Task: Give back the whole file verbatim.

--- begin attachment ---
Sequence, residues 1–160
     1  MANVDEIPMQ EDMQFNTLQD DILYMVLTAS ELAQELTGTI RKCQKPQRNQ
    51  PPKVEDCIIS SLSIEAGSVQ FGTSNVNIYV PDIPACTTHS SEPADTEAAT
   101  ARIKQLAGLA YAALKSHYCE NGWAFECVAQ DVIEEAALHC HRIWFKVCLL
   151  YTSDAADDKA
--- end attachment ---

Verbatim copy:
Sequence, residues 1–160
     1  MANVDEIPMQ EDMQFNTLQD DILYMVLTAS ELAQELTGTI RKCQKPQRNQ
    51  PPKVEDCIIS SLSIEAGSVQ FGTSNVNIYV PDIPACTTHS SEPADTEAAT
   101  ARIKQLAGLA YAALKSHYCE NGWAFECVAQ DVIEEAALHC HRIWFKVCLL
   151  YTSDAADDKA